After starting to weigh its lottery process for the 2020-21 school year, the charter school made more changes last year in an attempt to diversify participation in the lottery. Specifically, the school increased the number of points offered from three to 10 for any resident of Eagle River Village mobile home park and Lake Creek Village apartment complex as well as any student that qualified for free and reduced lunch.
“In reviewing the data, it is apparent that the weighted lottery system is working in terms of offering spots to a more diverse population,” Walter said.
From the 2017-18 school year to the current school year, the number of Hispanic or Latino families participating in the lottery went up from 54 to 102 students. The peak was in the 2020-21 school year when 128 Hispanic or Latino students participated in the lottery. Across the other minority demographics, participation has remained relatively steady from year to year.
However, not all offered a spot decide to enroll. This, Walter said, shows an opportunity for the school to improve its diversity efforts.
“Our efforts around equitable enrollment continue to be focused on eliminating obstacles for families such as providing a hot lunch program, an after-school program and transportation,” Walter said.
Already, the school has implemented a few programmatic changes to better serve its student community. Previously, the school’s board had identified some internal changes that would make the school more accessible to the Hispanic community. One of the largest requests was to have more bilingual employees — specifically at its front desk — that could interact with Spanish-speaking families.
“We have several bilingual staff members, including our front office manager, which allows ECCA to better support our growing diverse community,” Walter said. “Certainly, having more Spanish-speaking staff has had a positive impact as we are able to greet and engage students and families in Spanish, as well as serve communication needs in the moment whether on the phone, in person or in writing.”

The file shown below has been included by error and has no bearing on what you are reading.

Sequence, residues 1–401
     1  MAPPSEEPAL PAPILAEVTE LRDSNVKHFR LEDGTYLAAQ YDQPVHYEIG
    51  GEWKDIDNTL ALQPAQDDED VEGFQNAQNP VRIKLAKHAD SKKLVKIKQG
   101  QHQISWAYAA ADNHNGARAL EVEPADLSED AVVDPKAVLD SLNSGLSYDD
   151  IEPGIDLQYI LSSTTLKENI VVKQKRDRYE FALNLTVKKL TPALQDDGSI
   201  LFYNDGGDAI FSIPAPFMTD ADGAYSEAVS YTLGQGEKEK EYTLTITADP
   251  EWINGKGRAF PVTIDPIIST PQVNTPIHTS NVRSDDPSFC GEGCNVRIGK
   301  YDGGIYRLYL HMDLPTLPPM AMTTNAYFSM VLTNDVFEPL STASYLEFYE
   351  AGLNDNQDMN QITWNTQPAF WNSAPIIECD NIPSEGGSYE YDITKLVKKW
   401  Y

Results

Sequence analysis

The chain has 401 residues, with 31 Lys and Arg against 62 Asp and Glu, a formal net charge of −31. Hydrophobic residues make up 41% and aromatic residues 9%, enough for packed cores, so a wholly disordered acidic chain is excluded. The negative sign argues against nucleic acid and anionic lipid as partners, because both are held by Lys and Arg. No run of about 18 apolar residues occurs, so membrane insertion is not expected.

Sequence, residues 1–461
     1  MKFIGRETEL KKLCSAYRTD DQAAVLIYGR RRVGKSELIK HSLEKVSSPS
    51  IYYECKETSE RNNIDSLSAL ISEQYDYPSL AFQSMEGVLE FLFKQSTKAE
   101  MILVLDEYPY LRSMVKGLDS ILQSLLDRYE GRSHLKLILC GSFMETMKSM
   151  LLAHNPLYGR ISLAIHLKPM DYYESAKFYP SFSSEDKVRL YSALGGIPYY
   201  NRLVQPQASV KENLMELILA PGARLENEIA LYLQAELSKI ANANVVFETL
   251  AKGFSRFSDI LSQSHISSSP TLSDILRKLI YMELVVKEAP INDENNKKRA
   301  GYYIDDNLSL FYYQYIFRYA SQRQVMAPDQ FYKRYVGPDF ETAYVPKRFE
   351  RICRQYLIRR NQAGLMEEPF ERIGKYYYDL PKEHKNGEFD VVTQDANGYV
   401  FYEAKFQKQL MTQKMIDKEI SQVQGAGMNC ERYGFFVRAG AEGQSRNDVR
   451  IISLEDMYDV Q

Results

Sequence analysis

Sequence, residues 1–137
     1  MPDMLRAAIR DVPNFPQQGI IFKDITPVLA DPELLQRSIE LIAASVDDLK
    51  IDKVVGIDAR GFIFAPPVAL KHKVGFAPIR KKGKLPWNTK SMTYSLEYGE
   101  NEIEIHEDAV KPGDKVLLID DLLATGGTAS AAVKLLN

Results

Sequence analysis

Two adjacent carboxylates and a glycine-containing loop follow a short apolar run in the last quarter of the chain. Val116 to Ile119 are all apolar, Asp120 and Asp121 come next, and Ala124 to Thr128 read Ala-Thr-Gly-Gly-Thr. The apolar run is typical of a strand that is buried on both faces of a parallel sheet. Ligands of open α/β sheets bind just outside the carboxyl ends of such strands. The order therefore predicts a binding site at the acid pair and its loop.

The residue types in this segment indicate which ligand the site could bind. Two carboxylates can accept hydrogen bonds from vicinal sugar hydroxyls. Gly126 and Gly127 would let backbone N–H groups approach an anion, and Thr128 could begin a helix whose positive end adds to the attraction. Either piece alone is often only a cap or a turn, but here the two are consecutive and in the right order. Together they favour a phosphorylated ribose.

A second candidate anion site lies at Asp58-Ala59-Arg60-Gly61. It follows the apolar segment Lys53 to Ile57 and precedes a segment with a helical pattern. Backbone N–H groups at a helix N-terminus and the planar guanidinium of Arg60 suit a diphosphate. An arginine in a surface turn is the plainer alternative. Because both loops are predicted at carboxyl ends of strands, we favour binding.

As part of the school improvement plan, the school also identified several areas it is focusing on to improve equity, many in line with the district’s overall equity initiatives. This includes promoting student voice by having a team of eighth graders participating in YES (Youth Equity Stewardship), having staff engage in training and discussions around equity, and implementing the district’s new equitable grading system for its students.
As a whole, Qualman said he hopes that this increased focus on creating a more diverse student body will continue for the school as it undergoes some changes in leadership.
After 30 years in education and 11 years as the principal at the school, Walter confirmed that she is retiring. However, she said that the truth is she’d like to evolve and find a new way to work with the kids and families in the valley.
“The district hopes that as the school transitions to a new principal, and as Eagle County Charter Academy board members change, they can maintain that focus and continue to show progress,” Qualman said.
As Walter steps down at the end of this school year, she said that Molly Brown, the school’s current assistant principal, has been hired for the 2023-24 school year.
“There is no doubt that she will continue the work to increase diversity at Eagle County Charter Academy,” she added.
“Looking ahead, Eagle County Charter Academy continues to work closely with the district and participate in the initiatives designed to promote equity and inclusion to ensure a sense of belonging for all students and families.”